Now most of my books - I’ve had 17 published in 15 years - are written under contract, which means they have a fixed due date. (Although I still sneak off to work on a “spec” book now and then, like a married woman making out with some hot guy from her Body Pump class in the parking lot of the gym.)
My current writing process is:
- One year before the book is due: I have plenty of time. And I deserve to relax after how hard I worked to get the last book done. I might make some notes and brainstorm a little. After I clean out the basement.
- Nine months before: This plot idea is intriguing. The characters are starting to seem like real people. Maybe I should create a thorough outline instead of just plunking away at it.
- Six months before: The outline is finished. This is going to be so easy. I should outline all the time! I’ll just take it step by step, like paint by numbers. The book is practically going to write itself now that I have all the hard work done. I think I’ll call my friend and go out for ice-cream to celebrate.
- Three months before: Holy crap! This outline doesn’t work at all. And why do my characters keep doing things I never planned on them doing? This one guy was meant to be a secondary character, but for some reason he thinks he’s the real love interest. And my main character refuses to do this one dangerous thing the outline says she should do. She says it’s a bad idea.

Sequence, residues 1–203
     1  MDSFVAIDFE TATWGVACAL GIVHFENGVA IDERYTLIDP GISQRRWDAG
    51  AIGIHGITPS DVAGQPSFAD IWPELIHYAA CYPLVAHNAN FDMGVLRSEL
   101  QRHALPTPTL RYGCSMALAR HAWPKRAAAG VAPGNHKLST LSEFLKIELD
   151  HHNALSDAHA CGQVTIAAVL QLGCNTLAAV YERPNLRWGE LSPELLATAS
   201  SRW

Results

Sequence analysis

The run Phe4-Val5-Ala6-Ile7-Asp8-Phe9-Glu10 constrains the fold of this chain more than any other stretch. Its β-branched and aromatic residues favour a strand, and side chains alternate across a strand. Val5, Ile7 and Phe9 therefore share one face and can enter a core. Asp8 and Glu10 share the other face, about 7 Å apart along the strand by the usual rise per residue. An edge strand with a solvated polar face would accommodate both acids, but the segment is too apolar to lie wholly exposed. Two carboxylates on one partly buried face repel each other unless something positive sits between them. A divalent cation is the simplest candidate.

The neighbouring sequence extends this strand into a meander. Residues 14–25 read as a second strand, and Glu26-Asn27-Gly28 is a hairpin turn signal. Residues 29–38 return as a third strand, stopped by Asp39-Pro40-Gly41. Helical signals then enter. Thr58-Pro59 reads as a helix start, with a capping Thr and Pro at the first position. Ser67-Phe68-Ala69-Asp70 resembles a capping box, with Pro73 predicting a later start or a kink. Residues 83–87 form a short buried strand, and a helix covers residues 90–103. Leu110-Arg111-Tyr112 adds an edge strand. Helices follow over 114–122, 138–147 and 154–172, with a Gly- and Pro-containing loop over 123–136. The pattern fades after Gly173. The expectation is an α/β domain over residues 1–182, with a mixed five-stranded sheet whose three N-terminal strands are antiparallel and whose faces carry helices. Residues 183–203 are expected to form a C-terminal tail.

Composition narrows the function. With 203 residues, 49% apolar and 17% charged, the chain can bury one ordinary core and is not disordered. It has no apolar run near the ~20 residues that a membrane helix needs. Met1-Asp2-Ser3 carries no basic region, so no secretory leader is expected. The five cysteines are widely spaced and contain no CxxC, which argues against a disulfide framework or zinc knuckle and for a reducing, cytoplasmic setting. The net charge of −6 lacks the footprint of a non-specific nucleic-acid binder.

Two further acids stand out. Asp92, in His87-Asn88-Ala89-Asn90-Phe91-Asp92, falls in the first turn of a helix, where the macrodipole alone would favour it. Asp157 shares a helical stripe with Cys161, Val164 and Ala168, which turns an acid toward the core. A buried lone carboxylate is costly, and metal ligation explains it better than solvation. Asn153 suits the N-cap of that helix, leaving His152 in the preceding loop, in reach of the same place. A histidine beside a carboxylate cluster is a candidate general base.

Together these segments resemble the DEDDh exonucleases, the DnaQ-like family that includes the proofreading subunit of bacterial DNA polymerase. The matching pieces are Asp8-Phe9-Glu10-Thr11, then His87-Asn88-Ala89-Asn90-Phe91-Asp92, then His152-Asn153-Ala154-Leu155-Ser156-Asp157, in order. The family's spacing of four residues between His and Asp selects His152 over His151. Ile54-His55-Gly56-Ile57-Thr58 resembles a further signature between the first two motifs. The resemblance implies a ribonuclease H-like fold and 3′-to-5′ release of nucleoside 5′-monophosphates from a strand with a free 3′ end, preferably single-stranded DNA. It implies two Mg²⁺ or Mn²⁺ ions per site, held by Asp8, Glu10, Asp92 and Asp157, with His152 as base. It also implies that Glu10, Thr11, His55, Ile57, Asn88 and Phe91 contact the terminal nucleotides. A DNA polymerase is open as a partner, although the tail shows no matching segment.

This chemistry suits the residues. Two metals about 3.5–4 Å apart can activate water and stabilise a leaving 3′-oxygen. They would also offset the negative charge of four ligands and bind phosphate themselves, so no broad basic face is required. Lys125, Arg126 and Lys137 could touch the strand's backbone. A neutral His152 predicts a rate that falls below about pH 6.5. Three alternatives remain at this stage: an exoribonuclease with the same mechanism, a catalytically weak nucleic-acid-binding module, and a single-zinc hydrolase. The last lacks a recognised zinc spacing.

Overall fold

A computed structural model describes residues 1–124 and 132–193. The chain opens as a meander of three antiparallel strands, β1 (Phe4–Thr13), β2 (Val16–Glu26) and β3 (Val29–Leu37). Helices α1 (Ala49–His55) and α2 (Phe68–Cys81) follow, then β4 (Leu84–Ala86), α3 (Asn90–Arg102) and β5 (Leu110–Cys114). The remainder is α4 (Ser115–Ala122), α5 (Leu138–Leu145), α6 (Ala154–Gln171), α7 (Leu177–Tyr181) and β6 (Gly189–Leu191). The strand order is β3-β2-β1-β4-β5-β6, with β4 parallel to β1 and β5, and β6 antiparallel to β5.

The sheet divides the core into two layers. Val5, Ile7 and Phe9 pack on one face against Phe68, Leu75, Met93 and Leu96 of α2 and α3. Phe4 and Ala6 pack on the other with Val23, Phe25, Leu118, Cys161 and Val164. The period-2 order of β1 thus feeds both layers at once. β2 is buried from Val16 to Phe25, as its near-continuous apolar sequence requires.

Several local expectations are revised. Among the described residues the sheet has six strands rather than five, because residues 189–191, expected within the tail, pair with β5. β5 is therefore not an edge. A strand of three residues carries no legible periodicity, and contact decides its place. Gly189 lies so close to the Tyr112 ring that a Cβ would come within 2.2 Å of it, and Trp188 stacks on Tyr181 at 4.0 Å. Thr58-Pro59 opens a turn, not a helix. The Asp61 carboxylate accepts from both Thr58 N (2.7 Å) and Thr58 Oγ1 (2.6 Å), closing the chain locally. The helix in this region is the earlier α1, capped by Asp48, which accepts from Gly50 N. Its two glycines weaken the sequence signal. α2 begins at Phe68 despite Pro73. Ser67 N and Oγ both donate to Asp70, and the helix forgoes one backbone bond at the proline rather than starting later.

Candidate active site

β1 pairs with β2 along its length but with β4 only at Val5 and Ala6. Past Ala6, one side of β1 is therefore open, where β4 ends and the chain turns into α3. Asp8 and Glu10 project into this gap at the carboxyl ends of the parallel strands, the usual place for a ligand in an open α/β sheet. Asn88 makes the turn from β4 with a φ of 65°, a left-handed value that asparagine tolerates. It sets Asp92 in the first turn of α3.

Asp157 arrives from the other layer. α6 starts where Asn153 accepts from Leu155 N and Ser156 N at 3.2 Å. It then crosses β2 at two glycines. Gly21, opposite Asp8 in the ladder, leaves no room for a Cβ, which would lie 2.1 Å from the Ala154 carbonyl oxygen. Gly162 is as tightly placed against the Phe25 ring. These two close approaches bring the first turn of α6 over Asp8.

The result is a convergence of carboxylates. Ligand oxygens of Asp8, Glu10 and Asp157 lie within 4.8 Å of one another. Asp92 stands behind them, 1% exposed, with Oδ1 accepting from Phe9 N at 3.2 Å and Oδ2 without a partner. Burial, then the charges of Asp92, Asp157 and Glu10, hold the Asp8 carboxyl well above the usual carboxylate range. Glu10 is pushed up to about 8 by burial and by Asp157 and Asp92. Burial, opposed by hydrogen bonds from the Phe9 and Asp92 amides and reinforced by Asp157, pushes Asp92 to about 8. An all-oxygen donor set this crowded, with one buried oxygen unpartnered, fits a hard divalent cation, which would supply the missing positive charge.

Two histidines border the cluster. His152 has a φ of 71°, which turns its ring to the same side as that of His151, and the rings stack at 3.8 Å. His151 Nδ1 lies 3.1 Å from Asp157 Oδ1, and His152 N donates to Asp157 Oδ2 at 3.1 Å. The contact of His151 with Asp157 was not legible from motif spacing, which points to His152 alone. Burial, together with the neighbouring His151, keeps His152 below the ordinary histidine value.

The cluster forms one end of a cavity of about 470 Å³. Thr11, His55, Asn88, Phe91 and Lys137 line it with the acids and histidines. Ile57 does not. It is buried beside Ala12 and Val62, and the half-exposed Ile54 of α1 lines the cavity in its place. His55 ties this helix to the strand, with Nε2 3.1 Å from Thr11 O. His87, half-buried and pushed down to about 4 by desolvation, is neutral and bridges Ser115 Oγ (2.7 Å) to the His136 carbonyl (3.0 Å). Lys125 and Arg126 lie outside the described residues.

- Two months before: I will never be done in time. Never. The only way I can do it is to write two thousand words a day, every single day. Didn’t manage more than three hundred today? No problem, I’ll make it up tomorrow.
- Two weeks before: There’s too much blood in my caffeine stream. I’m writing like a mad woman. But I can do it. If I just give up on this sleeping thing.
- Due date: There. Finished. Is it any good? I’ve read it over, but to be honest, I have no idea. I hit the send key. I really should celebrate. Or work on that other book that’s due. But how long has it been since I swept behind the couch?